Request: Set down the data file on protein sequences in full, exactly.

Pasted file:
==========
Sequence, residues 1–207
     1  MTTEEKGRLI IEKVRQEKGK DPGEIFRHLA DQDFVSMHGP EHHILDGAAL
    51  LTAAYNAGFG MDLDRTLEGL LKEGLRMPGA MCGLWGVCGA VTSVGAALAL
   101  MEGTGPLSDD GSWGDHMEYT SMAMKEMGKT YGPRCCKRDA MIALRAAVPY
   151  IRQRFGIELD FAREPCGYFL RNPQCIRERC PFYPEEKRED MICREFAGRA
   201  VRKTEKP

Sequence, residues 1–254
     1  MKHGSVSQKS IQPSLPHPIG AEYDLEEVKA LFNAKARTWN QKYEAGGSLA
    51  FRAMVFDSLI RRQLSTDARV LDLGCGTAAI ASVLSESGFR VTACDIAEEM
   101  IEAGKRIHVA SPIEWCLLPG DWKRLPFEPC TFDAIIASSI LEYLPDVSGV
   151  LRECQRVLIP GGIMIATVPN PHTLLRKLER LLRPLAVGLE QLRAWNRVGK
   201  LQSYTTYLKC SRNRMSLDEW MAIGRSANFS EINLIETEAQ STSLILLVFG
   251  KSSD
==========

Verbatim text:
Sequence, residues 1–207
     1  MTTEEKGRLI IEKVRQEKGK DPGEIFRHLA DQDFVSMHGP EHHILDGAAL
    51  LTAAYNAGFG MDLDRTLEGL LKEGLRMPGA MCGLWGVCGA VTSVGAALAL
   101  MEGTGPLSDD GSWGDHMEYT SMAMKEMGKT YGPRCCKRDA MIALRAAVPY
   151  IRQRFGIELD FAREPCGYFL RNPQCIRERC PFYPEEKRED MICREFAGRA
   201  VRKTEKP

Sequence, residues 1–254
     1  MKHGSVSQKS IQPSLPHPIG AEYDLEEVKA LFNAKARTWN QKYEAGGSLA
    51  FRAMVFDSLI RRQLSTDARV LDLGCGTAAI ASVLSESGFR VTACDIAEEM
   101  IEAGKRIHVA SPIEWCLLPG DWKRLPFEPC TFDAIIASSI LEYLPDVSGV
   151  LRECQRVLIP GGIMIATVPN PHTLLRKLER LLRPLAVGLE QLRAWNRVGK
   201  LQSYTTYLKC SRNRMSLDEW MAIGRSANFS EINLIETEAQ STSLILLVFG
   251  KSSD